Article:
BUSINESS
03/26/2018 10:43 EDT | Updated 03/26/2018 14:26 EDT

Facebook Data Scandal To Change The Way 73% Of Canadians Use It: Angus Reid Institute Survey

The survey also found that one in 10 say they plan to abandon the platform, at least temporarily.

In this March 15, 2013, file photo, a Facebook employee walks past a sign at Facebook headquarters in Menlo Park, Calif.
THE CANADIAN PRESS/AP-Jeff Chiu
In this March 15, 2013, file photo, a Facebook employee walks past a sign at Facebook headquarters in Menlo Park, Calif.

TORONTO — Nearly three-quarters of Canadian Facebook users say they will make at least some change to how they use the social media platform in the wake of a data mining scandal.

A survey by Angus Reid Institute suggests 73 per cent of Canadian Facebook users say they will make changes, while 27 per cent say it will be "business as usual."

Nearly a quarter (23 per cent) said they would use Facebook less in the future, and 41 per cent of users said they would check and/or change their privacy settings.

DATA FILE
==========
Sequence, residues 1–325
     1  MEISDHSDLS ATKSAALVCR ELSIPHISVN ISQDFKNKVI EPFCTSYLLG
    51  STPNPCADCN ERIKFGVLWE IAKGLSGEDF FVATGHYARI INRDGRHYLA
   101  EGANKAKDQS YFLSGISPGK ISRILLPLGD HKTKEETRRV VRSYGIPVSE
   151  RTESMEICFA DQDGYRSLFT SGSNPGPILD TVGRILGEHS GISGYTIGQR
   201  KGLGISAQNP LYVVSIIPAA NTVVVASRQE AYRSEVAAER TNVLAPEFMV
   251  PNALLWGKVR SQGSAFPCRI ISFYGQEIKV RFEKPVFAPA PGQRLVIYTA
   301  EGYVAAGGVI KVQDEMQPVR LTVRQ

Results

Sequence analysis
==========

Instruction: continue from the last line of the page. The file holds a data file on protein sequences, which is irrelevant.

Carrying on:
The survey also found that one in 10 say they plan to abandon the platform, at least temporarily.

Facebook has been under fire for its ability to protect user privacy after Cambridge Analytica was accused of lifting the Facebook profiles of more than 50 million users without their permission.

57 per cent use Facebook every day

Facebook chief executive Mark Zuckerberg has apologized and outlined steps to protect user data in light of the scandal involving the Trump-connected data-mining firm.

The survey found that 57 per cent of Canadians use Facebook every day.

The Angus Reid Institute conducted two online surveys, the first involving 1,501 adults between Feb. 28 and March 2 and the second including 1,509 adults from March 21 to 22.

The polling industry's professional body, the Marketing Research and Intelligence Association, says online surveys cannot be assigned a margin of error as they are not a random sample and therefore are not necessarily representative of the whole population.

With a file from HuffPost Canada

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